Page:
Republican Senate leaders are increasingly confident that former President Trump won’t be at risk of conviction when his impeachment trial begins next month, expecting the votes to stay largely the same as Tuesday’s 55 to 45 test vote over the constitutionality of the trial.
Tuesday’s vote, forced by GOP Sen. Rand Paul of Kentucky over whether the trial was constitutional, forced Republicans to go on the record about the trial two weeks before it truly begins.
Just five Republicans split with Paul to oppose his point of order that the trial of an ex-president was unconstitutional, in the clearest sign to date most Republicans aren’t likely to consider convicting Trump and barring him from running for office again.
Senate GOP Whip John Thune told reporters Wednesday he didn’t expect the final vote to shift much from Tuesday, which would leave the Senate well short of the 17 Republicans needed for a two-thirds vote to convict.
“I can’t see it,” Republican Sen. John Cornyn said of the Senate reaching 67 votes for conviction. “I think there are serious constitutional and prudential questions that I’m most worried about. I don’t want to set a precedent here where you try private citizens nor censure them after they’ve left office. Once that weapon is unleashed then you can expect that to set the floor for future congresses doing it to other presidents.”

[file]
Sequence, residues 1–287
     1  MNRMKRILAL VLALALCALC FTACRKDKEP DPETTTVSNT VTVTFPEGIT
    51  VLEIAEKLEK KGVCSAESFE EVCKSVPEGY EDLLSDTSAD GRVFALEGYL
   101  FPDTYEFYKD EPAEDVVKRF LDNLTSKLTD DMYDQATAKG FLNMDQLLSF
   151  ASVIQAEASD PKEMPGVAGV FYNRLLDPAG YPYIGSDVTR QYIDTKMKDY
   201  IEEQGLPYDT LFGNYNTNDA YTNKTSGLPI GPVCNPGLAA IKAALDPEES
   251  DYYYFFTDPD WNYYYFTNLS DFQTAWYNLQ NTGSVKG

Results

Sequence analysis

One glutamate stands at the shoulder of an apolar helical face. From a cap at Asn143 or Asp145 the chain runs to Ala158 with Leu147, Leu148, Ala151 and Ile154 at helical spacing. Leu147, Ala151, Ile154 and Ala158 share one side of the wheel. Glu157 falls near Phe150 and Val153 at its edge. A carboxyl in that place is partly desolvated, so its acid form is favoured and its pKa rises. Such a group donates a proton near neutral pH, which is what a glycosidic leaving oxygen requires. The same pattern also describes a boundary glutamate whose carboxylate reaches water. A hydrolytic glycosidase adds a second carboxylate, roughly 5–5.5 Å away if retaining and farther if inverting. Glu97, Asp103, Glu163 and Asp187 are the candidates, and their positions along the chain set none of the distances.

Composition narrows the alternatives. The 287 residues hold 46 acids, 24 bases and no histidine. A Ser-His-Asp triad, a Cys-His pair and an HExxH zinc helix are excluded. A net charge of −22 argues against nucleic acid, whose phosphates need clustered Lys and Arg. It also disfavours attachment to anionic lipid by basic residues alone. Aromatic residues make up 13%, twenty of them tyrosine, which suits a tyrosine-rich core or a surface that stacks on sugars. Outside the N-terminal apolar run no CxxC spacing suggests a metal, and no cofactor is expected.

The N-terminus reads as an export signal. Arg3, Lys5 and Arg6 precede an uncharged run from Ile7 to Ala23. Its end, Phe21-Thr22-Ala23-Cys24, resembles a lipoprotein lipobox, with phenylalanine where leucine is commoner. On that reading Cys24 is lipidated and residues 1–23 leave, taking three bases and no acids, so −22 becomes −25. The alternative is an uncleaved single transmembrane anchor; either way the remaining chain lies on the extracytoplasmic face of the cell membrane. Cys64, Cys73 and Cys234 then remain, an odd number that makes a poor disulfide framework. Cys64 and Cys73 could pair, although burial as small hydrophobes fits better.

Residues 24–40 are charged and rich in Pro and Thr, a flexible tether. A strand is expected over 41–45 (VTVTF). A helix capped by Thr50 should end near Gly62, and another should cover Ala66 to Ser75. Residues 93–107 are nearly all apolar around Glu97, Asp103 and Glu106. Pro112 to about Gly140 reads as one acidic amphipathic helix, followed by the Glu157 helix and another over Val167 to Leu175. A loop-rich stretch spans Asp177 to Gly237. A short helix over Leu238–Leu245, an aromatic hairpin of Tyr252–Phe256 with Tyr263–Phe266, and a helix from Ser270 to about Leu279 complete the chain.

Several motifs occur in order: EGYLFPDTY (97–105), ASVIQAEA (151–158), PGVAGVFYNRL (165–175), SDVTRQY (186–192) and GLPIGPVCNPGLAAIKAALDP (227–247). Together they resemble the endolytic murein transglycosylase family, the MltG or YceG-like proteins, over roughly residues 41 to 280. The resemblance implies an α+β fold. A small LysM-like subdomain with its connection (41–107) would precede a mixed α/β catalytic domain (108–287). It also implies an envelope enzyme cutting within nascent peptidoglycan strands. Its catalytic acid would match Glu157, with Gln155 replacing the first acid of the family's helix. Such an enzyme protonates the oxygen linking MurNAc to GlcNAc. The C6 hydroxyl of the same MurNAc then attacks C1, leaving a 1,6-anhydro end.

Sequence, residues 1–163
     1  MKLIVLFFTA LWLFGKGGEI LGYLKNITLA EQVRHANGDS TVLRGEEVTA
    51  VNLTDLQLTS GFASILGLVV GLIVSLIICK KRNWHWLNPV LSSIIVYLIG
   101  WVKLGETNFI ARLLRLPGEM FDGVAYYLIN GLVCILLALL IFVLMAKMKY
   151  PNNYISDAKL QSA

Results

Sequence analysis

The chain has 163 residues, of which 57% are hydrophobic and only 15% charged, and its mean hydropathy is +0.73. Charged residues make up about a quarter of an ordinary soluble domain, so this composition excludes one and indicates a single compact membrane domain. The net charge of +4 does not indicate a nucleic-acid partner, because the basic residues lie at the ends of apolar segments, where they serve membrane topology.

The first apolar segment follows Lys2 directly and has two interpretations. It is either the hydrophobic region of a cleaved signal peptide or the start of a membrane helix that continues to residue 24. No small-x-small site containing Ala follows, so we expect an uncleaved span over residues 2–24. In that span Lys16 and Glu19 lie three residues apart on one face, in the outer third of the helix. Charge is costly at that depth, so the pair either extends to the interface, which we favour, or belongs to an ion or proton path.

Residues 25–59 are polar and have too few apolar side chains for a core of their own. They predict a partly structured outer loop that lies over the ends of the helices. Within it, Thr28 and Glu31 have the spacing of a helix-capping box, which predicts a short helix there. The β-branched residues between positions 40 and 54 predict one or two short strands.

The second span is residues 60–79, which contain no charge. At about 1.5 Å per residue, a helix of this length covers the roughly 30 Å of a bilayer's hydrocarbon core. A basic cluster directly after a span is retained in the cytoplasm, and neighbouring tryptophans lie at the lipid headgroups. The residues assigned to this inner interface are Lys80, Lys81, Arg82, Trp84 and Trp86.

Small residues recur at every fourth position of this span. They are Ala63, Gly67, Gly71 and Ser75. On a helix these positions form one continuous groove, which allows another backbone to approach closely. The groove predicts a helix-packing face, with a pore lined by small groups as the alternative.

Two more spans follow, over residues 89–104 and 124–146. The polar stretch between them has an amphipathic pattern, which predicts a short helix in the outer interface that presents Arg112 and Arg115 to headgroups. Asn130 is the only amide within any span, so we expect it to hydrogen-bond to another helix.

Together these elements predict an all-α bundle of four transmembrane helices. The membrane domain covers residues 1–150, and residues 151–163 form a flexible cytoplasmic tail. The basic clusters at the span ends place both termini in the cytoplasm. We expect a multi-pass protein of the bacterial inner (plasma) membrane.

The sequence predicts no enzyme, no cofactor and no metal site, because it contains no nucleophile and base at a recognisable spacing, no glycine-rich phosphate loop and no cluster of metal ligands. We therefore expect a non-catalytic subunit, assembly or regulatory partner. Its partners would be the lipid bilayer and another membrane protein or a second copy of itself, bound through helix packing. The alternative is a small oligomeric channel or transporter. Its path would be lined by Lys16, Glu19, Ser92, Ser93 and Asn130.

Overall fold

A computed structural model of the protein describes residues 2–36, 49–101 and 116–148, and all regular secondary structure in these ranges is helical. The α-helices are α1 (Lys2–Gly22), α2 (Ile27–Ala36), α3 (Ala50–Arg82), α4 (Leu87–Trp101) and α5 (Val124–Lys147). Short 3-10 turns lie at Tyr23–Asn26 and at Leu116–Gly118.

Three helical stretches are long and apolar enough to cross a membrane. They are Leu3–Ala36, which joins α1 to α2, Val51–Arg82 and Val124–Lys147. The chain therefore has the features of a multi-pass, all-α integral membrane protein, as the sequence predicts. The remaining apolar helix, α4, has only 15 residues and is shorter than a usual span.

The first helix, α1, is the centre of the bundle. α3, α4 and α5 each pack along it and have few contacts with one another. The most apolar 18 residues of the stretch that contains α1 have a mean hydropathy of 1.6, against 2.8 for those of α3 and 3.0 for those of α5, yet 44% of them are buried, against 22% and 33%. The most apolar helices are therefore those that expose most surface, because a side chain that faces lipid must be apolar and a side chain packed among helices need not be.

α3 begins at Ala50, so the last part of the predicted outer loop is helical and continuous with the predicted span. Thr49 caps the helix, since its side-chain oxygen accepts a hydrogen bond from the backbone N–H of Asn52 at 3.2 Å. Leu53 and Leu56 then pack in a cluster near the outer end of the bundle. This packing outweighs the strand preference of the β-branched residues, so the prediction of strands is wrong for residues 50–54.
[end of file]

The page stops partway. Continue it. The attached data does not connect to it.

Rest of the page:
Asked if Trump’s actions leading up to the January 6 riots were defensible, Cornyn said, “I’m not going to defend them… I think he’s been held accountable in the court of public opinion already.”
Senate Minority Leader Mitch McConnell, who said privately leading up to the trial he was keeping an open mind, has not said why he voted with Paul on Tuesday, when he also declined to say whether Trump committed impeachable offenses.
Asked whether supporting Paul was a sign he wouldn’t convict or if he was still open to hearing the evidence, McConnell told CNN Wednesday, “Well, the trial hasn’t started yet. And I intend to participate in that and listen to the evidence.”